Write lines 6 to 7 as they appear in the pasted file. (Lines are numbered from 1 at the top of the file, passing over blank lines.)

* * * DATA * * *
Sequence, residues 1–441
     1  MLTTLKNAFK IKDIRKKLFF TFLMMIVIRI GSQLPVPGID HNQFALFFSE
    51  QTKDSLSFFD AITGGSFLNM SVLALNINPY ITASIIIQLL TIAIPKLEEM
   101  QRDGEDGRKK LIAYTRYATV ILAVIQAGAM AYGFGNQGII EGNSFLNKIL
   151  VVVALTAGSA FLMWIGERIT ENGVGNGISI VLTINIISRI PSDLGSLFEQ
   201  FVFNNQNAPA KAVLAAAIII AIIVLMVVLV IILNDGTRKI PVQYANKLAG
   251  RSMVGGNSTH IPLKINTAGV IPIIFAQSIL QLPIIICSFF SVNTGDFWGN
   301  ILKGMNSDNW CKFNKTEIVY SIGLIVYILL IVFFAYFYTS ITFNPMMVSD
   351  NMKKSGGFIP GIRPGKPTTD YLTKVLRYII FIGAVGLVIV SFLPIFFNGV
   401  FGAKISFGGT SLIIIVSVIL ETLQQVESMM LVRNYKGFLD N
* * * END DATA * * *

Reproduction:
   201  FVFNNQNAPA KAVLAAAIII AIIVLMVVLV IILNDGTRKI PVQYANKLAG
   251  RSMVGGNSTH IPLKINTAGV IPIIFAQSIL QLPIIICSFF SVNTGDFWGN